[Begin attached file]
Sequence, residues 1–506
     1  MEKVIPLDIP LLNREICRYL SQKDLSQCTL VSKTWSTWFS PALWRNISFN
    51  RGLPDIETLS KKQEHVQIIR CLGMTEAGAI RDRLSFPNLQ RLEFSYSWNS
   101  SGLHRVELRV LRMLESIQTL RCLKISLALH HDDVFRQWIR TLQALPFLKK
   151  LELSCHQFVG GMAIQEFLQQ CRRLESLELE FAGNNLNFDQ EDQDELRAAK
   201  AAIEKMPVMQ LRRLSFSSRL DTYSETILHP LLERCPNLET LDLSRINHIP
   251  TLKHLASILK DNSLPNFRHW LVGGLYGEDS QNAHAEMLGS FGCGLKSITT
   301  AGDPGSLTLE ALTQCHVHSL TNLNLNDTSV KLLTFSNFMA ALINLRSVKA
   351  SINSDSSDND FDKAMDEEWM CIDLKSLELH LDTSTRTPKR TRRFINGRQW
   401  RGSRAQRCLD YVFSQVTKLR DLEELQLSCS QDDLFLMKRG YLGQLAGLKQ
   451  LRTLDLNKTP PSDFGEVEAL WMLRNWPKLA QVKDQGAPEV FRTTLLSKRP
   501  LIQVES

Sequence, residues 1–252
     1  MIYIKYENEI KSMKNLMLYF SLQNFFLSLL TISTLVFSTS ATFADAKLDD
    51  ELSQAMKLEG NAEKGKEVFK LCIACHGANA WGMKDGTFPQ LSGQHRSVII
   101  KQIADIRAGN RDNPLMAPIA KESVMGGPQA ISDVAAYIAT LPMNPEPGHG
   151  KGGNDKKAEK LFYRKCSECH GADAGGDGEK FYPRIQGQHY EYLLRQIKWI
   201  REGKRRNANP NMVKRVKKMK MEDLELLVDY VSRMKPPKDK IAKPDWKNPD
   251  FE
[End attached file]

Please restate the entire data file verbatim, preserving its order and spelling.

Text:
Sequence, residues 1–506
     1  MEKVIPLDIP LLNREICRYL SQKDLSQCTL VSKTWSTWFS PALWRNISFN
    51  RGLPDIETLS KKQEHVQIIR CLGMTEAGAI RDRLSFPNLQ RLEFSYSWNS
   101  SGLHRVELRV LRMLESIQTL RCLKISLALH HDDVFRQWIR TLQALPFLKK
   151  LELSCHQFVG GMAIQEFLQQ CRRLESLELE FAGNNLNFDQ EDQDELRAAK
   201  AAIEKMPVMQ LRRLSFSSRL DTYSETILHP LLERCPNLET LDLSRINHIP
   251  TLKHLASILK DNSLPNFRHW LVGGLYGEDS QNAHAEMLGS FGCGLKSITT
   301  AGDPGSLTLE ALTQCHVHSL TNLNLNDTSV KLLTFSNFMA ALINLRSVKA
   351  SINSDSSDND FDKAMDEEWM CIDLKSLELH LDTSTRTPKR TRRFINGRQW
   401  RGSRAQRCLD YVFSQVTKLR DLEELQLSCS QDDLFLMKRG YLGQLAGLKQ
   451  LRTLDLNKTP PSDFGEVEAL WMLRNWPKLA QVKDQGAPEV FRTTLLSKRP
   501  LIQVES

Sequence, residues 1–252
     1  MIYIKYENEI KSMKNLMLYF SLQNFFLSLL TISTLVFSTS ATFADAKLDD
    51  ELSQAMKLEG NAEKGKEVFK LCIACHGANA WGMKDGTFPQ LSGQHRSVII
   101  KQIADIRAGN RDNPLMAPIA KESVMGGPQA ISDVAAYIAT LPMNPEPGHG
   151  KGGNDKKAEK LFYRKCSECH GADAGGDGEK FYPRIQGQHY EYLLRQIKWI
   201  REGKRRNANP NMVKRVKKMK MEDLELLVDY VSRMKPPKDK IAKPDWKNPD
   251  FE